The Food and Drug Administration together with the Centers for Disease Control and Prevention (CDC) is recommending a pause in the rollout of the Johnson & Johnson COVID-19 vaccine after several instances of a severe blood clot in recipients.
According to the FDA, there have been six reported cases of the rare and severe type of blood clot in over 6.8 million Johnson & Johnson COVID-19 vaccine recipients.
“Right now, these adverse events appear to be extremely rare,” the agency said on Twitter. “Treatment of this specific type of blood clot is different from the treatment that might typically be administered. CDC will convene a meeting of the Advisory Committee on Immunization Practices (ACIP) on Wednesday to further review these cases and assess their potential significance. FDA will review that analysis as it also investigates these cases.”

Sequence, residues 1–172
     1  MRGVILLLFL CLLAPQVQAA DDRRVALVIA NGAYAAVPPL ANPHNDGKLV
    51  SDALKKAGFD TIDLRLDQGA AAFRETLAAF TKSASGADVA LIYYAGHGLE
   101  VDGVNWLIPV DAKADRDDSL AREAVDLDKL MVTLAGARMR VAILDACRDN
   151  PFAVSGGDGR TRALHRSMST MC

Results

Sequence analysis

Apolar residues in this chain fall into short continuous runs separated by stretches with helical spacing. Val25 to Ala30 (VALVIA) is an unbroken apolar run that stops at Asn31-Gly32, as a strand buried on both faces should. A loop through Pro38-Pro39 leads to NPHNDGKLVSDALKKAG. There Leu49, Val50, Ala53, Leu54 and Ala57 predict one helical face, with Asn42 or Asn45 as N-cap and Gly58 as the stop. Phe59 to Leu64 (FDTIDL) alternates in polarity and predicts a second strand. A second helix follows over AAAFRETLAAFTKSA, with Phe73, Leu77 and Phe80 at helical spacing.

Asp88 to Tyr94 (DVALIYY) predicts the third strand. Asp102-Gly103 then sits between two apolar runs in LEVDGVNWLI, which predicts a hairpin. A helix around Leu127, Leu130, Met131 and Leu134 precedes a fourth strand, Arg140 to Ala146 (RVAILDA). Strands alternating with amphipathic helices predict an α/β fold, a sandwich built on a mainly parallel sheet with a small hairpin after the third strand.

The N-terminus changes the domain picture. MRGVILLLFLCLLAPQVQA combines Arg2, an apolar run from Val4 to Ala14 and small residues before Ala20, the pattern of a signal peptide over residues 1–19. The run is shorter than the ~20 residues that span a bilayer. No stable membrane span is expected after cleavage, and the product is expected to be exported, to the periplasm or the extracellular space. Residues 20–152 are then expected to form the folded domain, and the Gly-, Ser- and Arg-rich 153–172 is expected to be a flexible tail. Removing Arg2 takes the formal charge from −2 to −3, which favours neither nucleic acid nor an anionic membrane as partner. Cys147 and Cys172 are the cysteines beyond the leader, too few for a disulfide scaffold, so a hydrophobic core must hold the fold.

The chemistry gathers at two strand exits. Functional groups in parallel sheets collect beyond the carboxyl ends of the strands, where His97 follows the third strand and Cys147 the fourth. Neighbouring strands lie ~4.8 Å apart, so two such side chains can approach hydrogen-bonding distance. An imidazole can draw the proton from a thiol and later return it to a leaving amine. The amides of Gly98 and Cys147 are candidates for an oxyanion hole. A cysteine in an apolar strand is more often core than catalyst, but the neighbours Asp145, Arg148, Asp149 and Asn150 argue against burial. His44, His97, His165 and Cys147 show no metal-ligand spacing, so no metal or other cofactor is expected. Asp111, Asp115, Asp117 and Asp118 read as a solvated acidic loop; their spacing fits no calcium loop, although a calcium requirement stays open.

However, until that review is completed, the FDA is “recommending this pause.”
“This is important to ensure that the health care provider community is aware of the potential for these adverse events and can plan due to the unique treatment required with this type of blood clot,” the FDA said on Twitter.
Fox News has requested comment from Johnson & Johnson regarding this recommendation.
The company had told the White House it would deliver 100 million doses by the end of May, but faced a recent production blunder at a Baltimore plant and saw several vaccination sites shut down early over the last week due to potential adverse reactions.
In Georgia, eight people experienced lightheadedness, but officials could not rule out whether heat was a factor. In North Carolina, four people were taken to the hospital for reactions “consistent with known common side effects.” In Iowa, three people experienced extreme lightheadedness, and in Colorado 11 people experienced dizziness and nausea.
The FDA has planned a 10 a.m. press conference for Tuesday.
This is a developing story, please continue to check back for updates.
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